Sheldon, Cook, Asimov, King and the rest reside in the bookstalls on your right after you enter the complex from Hollywood. The store first on your left when you emerge from the complex into the Meena Bazaar lane also has a small collection of novels by popular Russian authors, including Anton Chekov, Boris Pasternak and Alexandr Ostrovsky.

Coffee-table books: Right ahead of you, as you enter the complex from the main road, is M R’s bookstall, which stocks a variety of beautiful coffee-table books on everything from Salvador Dali to Gothic Architecture. M R also has numerous recipe books, and a small set of hardbound Reader’s Digest compilations apart from back issues of American and British magazines like Esquire, Vogue, Glamour, Good Housekeeping and National Geographic.

Time, MAD, Esquire etc: M R Bookstall and the inner bookstalls on your right after M R.

Textbooks and other educational books: Fat books on everything from management to computer science to politics and gender, can be found on the pavement outside and opposite Meena Bazaar apart from self-help, Chicken Soup series, spirituality and autobiographies.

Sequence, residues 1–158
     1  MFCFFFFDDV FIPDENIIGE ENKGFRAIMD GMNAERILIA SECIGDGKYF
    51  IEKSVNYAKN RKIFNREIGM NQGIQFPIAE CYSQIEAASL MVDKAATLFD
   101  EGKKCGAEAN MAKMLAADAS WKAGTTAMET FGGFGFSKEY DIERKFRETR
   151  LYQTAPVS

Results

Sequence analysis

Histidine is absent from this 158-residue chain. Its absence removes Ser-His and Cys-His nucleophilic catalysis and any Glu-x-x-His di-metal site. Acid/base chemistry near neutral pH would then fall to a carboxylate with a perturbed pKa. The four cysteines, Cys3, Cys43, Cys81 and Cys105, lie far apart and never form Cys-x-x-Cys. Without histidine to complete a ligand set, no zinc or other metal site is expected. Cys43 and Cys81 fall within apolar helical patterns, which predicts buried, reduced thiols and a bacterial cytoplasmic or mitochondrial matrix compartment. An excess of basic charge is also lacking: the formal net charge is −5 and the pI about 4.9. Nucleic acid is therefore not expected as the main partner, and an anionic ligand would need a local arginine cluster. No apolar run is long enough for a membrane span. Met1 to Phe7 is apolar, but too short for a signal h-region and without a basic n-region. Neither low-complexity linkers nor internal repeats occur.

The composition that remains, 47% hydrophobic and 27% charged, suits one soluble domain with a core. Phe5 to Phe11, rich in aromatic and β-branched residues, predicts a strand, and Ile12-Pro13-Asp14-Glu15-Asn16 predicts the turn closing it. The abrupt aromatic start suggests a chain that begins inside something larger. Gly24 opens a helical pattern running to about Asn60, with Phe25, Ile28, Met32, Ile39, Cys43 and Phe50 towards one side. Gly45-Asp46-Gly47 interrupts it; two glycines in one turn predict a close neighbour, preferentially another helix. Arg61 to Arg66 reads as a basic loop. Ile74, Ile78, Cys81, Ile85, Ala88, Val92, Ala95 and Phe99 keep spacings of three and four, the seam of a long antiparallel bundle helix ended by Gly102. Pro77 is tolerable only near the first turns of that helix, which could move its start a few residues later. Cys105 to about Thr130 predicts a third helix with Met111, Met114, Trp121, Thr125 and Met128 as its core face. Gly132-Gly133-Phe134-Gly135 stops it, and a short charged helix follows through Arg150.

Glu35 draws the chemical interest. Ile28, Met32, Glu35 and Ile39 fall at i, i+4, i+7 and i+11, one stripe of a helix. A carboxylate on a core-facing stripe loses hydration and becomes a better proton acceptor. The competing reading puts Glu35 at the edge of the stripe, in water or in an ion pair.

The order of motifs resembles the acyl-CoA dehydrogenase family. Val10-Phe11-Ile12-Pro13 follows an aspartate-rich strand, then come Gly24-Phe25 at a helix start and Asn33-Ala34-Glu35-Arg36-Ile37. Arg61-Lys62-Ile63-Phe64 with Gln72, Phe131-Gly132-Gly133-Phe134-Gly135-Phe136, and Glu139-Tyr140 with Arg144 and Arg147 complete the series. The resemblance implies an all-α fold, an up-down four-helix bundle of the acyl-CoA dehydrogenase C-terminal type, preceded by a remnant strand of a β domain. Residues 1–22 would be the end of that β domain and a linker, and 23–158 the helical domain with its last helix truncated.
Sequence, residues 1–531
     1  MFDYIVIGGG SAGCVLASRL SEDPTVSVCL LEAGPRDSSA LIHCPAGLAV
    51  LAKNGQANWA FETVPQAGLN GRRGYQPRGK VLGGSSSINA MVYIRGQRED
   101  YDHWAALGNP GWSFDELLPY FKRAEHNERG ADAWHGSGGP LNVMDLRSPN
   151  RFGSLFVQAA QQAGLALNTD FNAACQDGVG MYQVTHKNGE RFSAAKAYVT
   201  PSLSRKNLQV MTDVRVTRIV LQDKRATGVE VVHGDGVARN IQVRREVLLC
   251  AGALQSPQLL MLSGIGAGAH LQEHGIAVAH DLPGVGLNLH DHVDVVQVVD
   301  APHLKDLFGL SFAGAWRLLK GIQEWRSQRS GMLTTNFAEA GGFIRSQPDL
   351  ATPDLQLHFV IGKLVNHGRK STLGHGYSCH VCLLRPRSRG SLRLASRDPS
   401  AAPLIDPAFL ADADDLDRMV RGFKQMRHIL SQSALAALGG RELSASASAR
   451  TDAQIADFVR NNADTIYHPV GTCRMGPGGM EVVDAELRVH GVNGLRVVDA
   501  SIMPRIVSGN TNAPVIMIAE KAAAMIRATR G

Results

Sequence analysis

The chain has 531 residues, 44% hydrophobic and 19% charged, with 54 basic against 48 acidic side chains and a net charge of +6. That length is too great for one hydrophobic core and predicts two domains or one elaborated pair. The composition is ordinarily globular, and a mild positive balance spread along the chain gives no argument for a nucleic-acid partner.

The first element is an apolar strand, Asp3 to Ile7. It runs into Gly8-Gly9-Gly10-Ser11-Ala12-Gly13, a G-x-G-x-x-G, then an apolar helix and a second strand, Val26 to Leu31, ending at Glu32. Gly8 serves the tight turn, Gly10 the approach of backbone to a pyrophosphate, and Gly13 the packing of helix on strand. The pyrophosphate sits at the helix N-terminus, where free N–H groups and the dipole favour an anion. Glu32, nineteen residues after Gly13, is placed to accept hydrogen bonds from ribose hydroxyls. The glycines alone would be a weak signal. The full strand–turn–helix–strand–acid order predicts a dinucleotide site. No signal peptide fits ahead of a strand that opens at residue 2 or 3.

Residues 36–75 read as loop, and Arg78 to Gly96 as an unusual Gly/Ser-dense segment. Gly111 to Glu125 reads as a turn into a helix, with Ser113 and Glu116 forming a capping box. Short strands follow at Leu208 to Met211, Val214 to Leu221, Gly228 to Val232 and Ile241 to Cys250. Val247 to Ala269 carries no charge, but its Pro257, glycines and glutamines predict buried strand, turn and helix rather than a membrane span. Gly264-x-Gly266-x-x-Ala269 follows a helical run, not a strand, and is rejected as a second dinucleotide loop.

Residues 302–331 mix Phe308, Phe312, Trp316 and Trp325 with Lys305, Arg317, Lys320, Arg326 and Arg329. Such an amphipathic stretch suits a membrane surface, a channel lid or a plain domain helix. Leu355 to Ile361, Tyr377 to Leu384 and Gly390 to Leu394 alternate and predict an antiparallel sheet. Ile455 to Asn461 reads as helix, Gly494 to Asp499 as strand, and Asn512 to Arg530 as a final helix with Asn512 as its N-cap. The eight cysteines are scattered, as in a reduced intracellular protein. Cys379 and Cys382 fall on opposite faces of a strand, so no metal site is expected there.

Novels for ten bucks: All the stalls starting from the Meena Bazaar lane to GPO sell romance, sci-fi and general use-and-throw books for Rs.10/-. Good bargain for train journeys.

Vernacular books: The stalls along the Abids main road and leading up to the GPO have magazines and novels in Telugu, Urdu and even Marathi!

This is a small segregation of the books available here. You will find much more as you browse through the shops.

Books are priced here at fairly attractive rates. You may even get 80% discount on some of the finest books. From outside, some books may look worn, but most of them have their stuff well-maintained.

Our tips for visiting the second-hand book shops:

You can visit it anytime between 7:00 AM and 7:00 PM and only on Sundays.
Parking is not a problem since all the shops are closed.

Don’t judge books by the cover, in the literal sense. Scrutinize every book carefully to ensure that the insides are not torn.

If you are searching for any book, give the name of the book to the seller. He might be able to get it for you in the subsequent week.

If you are not satisfied with the price, try to look in other stalls.

Once you enter the market, be patient enough to search through the books. This is not for people in a hurry.

If you want to sell your old books and get a good deal, don’t say yes to the first vendor. Check out what you are being offered from other vendors and settle for the best price.

The prices are very low but in some cases they ask for more. Haggle if need be! #KhabarLive